Sunday, May 1, 2011

Back to Spinning

First skein of plied Cotswald
I had some time off this week, and I decided to do some spinning.  Picking up where I left off at the Tour De Fleece last summer, I did some combing of the dyed Cotswald.  It was nice combing the pretty colors together to make a nice purple blend.  My favorite color.

First skein of Merino
Then, I had to get some of the problematic Merino off the bobbins to make room for more Cotswald, since it has to be plied and I have various different yarns on all 4 bobbins.  I had Merino on 2 bobbins, but not in equal amounts, and it definitely needs to be plied, so I decided to spin a bit more of the Merino so that I could ply those 2 together to free up bobbins.  I still had some Merino left that was already combed, so away I went.  I am trying not to be too much of a perfectionist this time.  The Merino has some nepps in it, because I processed it myself, which I have mentioned in previous posts.  But when spun up, it really isn't too bad and it is fun to spin.  It spins very fine, and is super-soft.  I would stop from time to time to let it ply back on itself, and it looks pretty good plied, so I was hoping it would encourage me to ply it and see the results.

When I had roughly equivalent amounts on 2 bobbins, I began plying.  I found that some of the plied sections looked very good, and others did not.  Being still new at Merino spinning, which is kind of an "advanced" wool, some sections were thinner than others.  Some sections did not have enough twist to really ply together well.  I also think that this is one yarn that really would be better as a 4 ply, since it is so thin, and in 4 plies the inconsistencies might even themselves out a bit more.  But it might not be so bad.  It has been resting on the bobbin for a couple of days, and I will probably wind it off with the niddy-noddy today and see how it looks relaxed, plus how many yards I have so far.
I weighed the combed Cotswald before spinning, which I plan to do from now on, to increase the chances of having equal lengths on 2 bobbins for plying.  I normally just eyeball it, and they are never equal.  I was surprised to see that one combed "nest" is about .25 oz.  I spun 4 of them, and it didn't even half fill the bobbin, so my plan is to do 2 oz. per bobbin, then ply.  I am trying to be consistent, as I have a lot of the Cotswald left to spin.  I still have no idea what I will make with it.  I will have to see how much I have in the end.  It's very glossy.  Right now I am just enjoying the process, and glad I finally got back to spinning again.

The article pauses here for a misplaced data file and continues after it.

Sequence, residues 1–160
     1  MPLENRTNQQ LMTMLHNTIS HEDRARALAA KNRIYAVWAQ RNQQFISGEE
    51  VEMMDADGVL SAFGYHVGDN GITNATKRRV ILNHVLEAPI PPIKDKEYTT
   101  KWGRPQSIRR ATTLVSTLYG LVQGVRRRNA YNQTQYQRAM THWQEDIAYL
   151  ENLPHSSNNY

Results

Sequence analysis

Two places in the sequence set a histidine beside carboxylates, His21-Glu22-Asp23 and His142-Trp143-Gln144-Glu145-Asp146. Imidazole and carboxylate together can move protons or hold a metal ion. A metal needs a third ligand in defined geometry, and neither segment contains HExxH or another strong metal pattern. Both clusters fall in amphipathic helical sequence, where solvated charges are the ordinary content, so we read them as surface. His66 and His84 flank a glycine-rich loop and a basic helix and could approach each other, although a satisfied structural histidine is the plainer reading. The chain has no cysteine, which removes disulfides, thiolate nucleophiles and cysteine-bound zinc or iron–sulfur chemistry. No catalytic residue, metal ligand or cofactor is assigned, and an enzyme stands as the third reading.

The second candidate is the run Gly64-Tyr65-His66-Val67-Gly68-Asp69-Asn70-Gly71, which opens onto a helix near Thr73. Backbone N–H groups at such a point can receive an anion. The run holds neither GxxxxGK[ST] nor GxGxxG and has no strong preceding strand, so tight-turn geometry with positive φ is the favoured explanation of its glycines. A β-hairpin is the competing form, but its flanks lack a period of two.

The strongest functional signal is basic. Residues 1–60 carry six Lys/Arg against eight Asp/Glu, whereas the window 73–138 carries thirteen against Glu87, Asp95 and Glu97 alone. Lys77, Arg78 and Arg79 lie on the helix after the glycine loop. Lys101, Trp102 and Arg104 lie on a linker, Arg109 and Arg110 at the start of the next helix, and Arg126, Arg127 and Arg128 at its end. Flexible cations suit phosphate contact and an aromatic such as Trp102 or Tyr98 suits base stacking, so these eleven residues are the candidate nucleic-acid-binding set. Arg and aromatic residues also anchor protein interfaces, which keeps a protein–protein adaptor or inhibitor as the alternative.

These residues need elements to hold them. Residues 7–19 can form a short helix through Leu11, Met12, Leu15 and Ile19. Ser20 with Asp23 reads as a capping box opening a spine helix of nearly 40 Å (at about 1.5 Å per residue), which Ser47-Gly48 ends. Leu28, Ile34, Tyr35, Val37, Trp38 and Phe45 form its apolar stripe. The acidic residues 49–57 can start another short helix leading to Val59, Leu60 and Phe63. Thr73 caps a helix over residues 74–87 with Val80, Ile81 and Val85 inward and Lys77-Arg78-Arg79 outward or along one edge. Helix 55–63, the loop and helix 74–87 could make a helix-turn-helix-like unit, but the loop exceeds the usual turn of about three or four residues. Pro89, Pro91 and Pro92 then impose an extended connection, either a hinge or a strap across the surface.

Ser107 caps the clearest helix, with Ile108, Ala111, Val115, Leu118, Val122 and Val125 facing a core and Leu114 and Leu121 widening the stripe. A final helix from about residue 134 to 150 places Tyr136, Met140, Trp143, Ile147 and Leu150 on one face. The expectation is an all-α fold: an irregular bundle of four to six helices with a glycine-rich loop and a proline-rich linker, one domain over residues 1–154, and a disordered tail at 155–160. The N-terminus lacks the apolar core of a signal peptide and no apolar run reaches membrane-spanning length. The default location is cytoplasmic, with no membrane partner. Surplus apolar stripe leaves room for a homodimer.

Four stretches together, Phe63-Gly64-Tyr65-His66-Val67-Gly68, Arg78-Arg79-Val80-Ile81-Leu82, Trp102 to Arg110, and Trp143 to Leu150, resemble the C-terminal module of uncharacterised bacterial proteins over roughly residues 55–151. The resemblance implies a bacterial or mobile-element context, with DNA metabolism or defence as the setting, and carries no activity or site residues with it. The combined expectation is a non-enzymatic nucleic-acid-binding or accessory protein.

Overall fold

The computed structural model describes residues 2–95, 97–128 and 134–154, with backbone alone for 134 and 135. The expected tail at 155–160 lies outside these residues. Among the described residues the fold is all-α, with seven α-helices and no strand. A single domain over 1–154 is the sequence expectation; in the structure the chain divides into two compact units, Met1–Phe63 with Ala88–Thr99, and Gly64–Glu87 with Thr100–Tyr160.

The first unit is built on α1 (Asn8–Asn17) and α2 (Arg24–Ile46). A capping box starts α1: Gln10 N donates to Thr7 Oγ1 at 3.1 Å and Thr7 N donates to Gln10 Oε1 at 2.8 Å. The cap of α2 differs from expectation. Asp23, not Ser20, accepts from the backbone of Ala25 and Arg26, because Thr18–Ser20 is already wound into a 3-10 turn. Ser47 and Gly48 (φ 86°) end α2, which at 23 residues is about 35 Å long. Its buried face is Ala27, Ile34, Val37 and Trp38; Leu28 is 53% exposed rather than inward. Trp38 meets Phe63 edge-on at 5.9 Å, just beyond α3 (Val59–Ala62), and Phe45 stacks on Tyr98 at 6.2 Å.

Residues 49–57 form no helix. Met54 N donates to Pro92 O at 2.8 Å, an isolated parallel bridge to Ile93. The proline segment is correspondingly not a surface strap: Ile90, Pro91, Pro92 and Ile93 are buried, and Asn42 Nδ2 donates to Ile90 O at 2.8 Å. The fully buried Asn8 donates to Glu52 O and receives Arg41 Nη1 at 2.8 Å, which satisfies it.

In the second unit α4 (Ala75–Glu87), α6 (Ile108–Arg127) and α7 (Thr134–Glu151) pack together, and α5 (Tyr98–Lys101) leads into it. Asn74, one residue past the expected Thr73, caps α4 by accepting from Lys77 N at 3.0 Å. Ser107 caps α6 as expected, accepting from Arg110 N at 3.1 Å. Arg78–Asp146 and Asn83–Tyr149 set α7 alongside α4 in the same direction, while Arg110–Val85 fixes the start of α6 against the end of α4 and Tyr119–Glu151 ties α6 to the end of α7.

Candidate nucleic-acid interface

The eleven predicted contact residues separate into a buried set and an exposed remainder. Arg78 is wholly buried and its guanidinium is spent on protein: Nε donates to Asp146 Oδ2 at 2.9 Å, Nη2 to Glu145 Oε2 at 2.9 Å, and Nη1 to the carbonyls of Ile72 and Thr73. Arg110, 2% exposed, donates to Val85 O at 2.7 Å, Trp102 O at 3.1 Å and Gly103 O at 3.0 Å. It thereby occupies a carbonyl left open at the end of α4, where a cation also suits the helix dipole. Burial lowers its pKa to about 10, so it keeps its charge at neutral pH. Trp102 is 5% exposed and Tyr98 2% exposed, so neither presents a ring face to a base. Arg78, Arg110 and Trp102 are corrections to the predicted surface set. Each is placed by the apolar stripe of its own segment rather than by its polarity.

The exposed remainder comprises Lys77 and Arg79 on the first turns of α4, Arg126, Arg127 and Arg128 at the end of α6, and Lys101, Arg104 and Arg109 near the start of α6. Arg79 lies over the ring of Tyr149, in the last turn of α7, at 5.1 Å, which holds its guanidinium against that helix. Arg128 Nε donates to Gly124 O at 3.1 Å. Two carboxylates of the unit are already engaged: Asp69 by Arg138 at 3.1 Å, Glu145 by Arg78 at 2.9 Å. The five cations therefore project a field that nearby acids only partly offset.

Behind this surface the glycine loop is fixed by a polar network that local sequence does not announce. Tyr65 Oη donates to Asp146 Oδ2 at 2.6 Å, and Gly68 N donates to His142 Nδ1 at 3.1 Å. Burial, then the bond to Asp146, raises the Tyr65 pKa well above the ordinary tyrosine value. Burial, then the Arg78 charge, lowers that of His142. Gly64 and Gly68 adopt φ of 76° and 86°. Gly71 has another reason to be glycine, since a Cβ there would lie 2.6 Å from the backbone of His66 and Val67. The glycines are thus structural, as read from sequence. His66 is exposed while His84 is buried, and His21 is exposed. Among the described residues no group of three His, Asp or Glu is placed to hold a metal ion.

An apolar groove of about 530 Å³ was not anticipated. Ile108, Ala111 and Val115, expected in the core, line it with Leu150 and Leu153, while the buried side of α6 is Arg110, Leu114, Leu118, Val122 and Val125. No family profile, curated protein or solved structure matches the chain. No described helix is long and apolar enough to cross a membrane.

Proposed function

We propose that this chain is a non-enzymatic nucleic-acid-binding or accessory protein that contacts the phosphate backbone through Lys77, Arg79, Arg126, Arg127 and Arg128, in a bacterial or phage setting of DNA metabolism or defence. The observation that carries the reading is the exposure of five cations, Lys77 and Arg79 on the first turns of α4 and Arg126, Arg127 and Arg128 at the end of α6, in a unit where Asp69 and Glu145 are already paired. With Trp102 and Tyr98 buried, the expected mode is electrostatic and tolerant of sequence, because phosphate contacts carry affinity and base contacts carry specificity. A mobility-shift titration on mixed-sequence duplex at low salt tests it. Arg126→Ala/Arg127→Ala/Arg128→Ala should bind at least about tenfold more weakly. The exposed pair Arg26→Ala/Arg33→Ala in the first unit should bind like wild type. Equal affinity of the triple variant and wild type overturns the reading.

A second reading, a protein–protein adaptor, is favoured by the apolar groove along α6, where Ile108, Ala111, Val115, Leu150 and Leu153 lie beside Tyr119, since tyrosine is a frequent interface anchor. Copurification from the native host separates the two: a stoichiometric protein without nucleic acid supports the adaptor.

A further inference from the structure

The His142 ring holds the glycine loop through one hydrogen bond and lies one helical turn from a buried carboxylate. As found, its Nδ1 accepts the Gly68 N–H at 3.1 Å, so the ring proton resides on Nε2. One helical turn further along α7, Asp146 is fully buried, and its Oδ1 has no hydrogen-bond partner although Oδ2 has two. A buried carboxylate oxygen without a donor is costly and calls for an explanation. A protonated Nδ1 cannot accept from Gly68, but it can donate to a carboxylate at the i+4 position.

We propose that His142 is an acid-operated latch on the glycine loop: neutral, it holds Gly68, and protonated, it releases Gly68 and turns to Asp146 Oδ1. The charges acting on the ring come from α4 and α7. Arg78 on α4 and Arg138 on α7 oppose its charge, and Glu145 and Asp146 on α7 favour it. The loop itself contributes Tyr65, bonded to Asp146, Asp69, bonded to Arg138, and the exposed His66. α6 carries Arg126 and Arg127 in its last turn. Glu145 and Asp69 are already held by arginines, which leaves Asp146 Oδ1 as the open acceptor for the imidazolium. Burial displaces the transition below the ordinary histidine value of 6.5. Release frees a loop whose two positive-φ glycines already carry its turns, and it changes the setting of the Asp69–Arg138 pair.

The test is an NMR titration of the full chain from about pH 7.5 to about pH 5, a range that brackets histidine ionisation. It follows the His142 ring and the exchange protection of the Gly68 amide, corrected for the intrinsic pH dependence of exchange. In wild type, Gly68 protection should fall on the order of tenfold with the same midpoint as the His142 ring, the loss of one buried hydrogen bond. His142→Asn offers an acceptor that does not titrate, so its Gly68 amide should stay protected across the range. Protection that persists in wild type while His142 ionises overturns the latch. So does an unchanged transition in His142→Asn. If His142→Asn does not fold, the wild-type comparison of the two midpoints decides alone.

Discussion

Dyeing Cotswald Fleece Sun Yellow

Years ago, I took a fantastic weekend spinning class at Halcyon Yarn in Bath, Maine.  Among other things, we learned to blend colors on a drum carder.  We took fleece that had been dyed primary colors:  garish-looking red, blue and yellow, but when blended on the drum-carder, they made lovely heathered blends.  I left with a copy of the book Color In Spinning by Deb Menz.  Years later, I was traveling up to that neck of the woods, so I stopped by.  I bought 3 colors of their Wash Fast Acid Dyes, some Glauber's Salt, Ammonium Sulfate and Synthrapol.   A good basic beginner's dye kit, or so I thought.  I was planning to blend colors, having bought a red, blue and yellow that looked closest to primary colors of all the jars.  They were:  Magenta, Bright Blue and Sun Yellow.

I dyed some Cotswald with the magenta, and it turned out more like fuschia or neon pink.  One of my favorite colors, so though it was not what it looked like in the jar, I was still happy.  The blue, however, came out like an electric blue, which I guess matches the neon pink, but I was not sure what I was going to do with these crazy colors!  I tried blending them on the drum carder, and didn't really like the results.  I tried blending them in various amounts, but was not happy with the results.  I set it aside for awhile.  I had nobody to consult on what to do.  The internet community for fiber arts we have now did not exist, and I was not near any Fiber Studio or Guild, so I was basically on my own for problem-solving at that time.  Plus, I work full-time, and life intervenes frequently in my pursuit of various crafts.

In Summer 2010, for the Tour De Fleece, I wanted to de-stash some of my fiber.  I finally got the bright idea of blending on fiber combs.  I own some Viking Combs, but I have not used them much, so I had kind of forgotten about them.  Sometimes, I can be really dense.  Well, that turned out to be the key to it all.  You need to use the right tools for the job.  Cotswald fleece has very long and silky locks, which should be combed, not carded.  The results of some of that can be seen in my post from Tour De Fleece 2010.

However, I had yet to try the Sun Yellow.  I had often thought of that while working with the pink and blue fiber, wondering if blending the yellow with electric blue would make a nice green.  So this week, I hunted out all my dyeing equipment (the dyepot was finally found after much searching, under a rolled-up Kilim carpet which needs hanging).   Luckily, I had made notes from before on what I did, so it was fairly easy to repeat the process.  Since I will be blending this yellow with existing, highly-saturated shades, I decided to use the same strength of dye I used last time:  2 tsp. dye powder per 1 lb. of wool. 

Yellow is not my favorite color, which is probably why I did it last.  I don't wear yellow, for one thing.  But it is good for blending.  Also, as I was mixing the dye solution and preparing the wool for the dye bath, I thought  that yellow is really a good color for Spring.  The daffodils are out right now.  The dye solution even looked like Easter Egg dye.